Thought the homoerotic images have been present in the visual arts throughout the history, the concept gained its real popularity with the work of gay Finland artist Touko Laaksonen. Best known by his pseudonym, Tom of Finland, this creative is notorious for his controversial, fetishistic representations of men. His oeuvre spread to countries worldwide and has had an enormous influence on gay identity. In a career which encompassed more than forty years of making art, Tom of Finland's output came to include over 3500 illustrations, mostly featuring homoerotic archetypes such as lumberjacks, sailors, bikers, police and men dressed in leather. Laaksonen’s famous Kake comics featured gay men as happy, healthy, and normal people in order to change the negative myths and stereotypes about gay people which often depict them as unhappy and self-loathing individuals.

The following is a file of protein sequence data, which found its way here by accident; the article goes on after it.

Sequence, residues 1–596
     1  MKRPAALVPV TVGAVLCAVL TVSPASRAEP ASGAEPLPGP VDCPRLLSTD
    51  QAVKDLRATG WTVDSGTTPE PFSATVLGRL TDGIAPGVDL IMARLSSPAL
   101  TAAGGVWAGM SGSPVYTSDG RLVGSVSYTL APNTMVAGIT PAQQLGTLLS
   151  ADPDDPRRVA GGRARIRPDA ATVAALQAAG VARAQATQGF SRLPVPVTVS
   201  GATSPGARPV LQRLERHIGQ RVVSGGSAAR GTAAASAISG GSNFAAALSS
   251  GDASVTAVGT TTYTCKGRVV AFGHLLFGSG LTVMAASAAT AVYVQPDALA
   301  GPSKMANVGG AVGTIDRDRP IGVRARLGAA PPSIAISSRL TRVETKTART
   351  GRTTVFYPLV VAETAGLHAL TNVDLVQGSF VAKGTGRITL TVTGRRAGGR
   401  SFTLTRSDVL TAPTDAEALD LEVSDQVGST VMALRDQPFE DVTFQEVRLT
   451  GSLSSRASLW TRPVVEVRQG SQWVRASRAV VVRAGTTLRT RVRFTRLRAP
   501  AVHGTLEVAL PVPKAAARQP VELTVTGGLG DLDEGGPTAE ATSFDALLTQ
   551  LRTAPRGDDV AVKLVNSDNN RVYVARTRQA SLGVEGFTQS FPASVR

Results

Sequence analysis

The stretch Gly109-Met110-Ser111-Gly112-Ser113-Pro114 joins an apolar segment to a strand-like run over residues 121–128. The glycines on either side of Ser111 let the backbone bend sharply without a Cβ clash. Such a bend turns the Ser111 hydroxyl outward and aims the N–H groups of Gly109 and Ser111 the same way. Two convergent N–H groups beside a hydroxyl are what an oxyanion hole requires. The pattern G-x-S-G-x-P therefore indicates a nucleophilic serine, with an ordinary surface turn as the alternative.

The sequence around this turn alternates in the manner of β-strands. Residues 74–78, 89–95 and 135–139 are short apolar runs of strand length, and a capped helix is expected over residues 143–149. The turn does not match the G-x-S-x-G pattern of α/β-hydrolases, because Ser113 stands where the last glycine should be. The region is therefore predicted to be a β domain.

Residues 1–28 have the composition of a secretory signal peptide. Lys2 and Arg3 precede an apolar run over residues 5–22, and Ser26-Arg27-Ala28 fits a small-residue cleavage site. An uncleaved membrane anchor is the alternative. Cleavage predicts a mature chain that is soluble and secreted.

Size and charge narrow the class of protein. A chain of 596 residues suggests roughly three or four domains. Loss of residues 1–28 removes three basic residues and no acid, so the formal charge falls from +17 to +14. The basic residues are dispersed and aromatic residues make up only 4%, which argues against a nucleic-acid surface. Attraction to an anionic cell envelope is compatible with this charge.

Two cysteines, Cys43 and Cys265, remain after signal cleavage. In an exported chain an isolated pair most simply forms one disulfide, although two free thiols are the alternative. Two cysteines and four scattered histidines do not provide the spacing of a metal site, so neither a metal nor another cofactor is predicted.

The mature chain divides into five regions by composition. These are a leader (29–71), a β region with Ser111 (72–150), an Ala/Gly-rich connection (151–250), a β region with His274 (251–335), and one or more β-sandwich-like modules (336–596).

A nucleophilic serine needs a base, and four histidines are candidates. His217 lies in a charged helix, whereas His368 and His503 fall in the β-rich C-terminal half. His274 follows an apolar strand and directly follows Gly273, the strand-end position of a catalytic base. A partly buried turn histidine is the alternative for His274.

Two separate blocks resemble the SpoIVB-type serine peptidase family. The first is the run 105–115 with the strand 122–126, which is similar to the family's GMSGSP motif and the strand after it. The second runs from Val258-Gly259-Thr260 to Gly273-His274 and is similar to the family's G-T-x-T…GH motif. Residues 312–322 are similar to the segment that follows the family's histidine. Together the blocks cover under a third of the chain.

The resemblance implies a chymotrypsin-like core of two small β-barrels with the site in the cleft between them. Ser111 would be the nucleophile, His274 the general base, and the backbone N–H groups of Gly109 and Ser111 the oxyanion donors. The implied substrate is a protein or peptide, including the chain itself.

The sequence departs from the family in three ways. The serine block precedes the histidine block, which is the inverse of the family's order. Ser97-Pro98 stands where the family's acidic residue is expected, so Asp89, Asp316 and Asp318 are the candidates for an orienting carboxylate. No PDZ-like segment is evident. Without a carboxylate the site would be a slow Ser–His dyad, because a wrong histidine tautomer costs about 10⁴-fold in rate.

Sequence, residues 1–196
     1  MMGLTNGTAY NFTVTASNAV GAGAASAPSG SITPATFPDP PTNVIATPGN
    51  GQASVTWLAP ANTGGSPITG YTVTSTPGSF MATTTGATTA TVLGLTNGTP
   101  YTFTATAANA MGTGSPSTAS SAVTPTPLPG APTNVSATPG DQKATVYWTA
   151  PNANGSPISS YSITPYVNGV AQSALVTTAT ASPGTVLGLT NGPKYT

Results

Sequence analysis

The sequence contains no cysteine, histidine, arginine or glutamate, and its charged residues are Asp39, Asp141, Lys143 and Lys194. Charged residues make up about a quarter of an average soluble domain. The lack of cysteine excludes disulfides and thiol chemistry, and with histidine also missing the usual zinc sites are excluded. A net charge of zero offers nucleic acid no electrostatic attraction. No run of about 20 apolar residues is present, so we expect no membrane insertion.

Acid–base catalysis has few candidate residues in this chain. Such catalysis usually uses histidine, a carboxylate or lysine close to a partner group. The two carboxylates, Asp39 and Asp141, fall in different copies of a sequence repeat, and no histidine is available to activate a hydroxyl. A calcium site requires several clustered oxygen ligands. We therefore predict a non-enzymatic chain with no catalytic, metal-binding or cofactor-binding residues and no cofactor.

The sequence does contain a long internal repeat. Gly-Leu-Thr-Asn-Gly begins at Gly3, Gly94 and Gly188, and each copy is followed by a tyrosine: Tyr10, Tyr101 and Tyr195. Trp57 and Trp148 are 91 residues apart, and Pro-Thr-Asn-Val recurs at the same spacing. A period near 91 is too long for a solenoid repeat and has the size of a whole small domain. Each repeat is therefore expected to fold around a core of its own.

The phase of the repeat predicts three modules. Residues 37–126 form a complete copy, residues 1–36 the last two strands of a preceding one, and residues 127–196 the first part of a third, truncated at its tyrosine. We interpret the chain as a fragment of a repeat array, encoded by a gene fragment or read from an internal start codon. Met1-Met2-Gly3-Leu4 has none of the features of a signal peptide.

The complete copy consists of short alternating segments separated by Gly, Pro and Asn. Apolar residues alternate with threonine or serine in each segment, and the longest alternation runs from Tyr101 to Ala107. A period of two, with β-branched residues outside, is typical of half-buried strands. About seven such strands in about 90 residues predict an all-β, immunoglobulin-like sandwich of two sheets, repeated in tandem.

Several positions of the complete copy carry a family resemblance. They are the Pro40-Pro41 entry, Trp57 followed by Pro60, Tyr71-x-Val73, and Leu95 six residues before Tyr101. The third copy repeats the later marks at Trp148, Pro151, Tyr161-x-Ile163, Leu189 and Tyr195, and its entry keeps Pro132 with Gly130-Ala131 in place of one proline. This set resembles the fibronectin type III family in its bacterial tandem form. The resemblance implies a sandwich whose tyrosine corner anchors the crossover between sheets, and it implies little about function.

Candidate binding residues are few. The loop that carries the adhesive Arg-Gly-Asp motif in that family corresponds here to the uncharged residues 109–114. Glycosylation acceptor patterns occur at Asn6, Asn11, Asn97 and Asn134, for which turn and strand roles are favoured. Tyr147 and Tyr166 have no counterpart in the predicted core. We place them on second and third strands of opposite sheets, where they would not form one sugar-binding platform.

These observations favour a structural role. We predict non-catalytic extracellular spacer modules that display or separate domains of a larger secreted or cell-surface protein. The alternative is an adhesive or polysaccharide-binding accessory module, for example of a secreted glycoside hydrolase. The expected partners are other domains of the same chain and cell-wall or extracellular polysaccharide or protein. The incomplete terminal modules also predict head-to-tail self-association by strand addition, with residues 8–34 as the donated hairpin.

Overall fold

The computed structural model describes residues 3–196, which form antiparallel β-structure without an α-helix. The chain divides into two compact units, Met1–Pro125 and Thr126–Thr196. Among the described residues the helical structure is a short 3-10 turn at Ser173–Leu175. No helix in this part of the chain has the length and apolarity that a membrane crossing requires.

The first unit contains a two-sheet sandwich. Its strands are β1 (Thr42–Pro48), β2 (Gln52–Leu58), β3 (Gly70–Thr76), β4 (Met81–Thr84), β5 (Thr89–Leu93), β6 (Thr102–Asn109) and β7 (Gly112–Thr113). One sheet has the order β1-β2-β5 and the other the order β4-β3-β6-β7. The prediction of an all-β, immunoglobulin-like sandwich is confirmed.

Born in 1920 in Kaarina, a small town located in the Southwest Finland, Touko grew up with an appreciation for art, music, and literature in a middle-class family. Both his parents were grammar school teachers, so the family lived in the school building. In 1939 Touko Laaksonen left his hometown to attend art school and study advertising in Helsinki. There he created his first homoerotic drawings for his own personal enjoyment, but he destroyed all of them before joining the Finnish Army in 1940 in its fight against the Soviet invasion. His early illustrations were based on images of masculine laborers he had seen growing up. Having served as a second lieutenant, Touko Laaksonen became fascinated by men in uniform and began to portray an idealized male form in his works. In 1945, Laaksonen left the Army after the war and returned to his studies in art and advertising. Touko’s artwork of this period compared to later works is considered more romantic and softer with gentle-featured shapes and forms. His subjects, however, even in his earliest pieces dating from the first half of the 1940s are ecstatic, gushing, and ejaculating.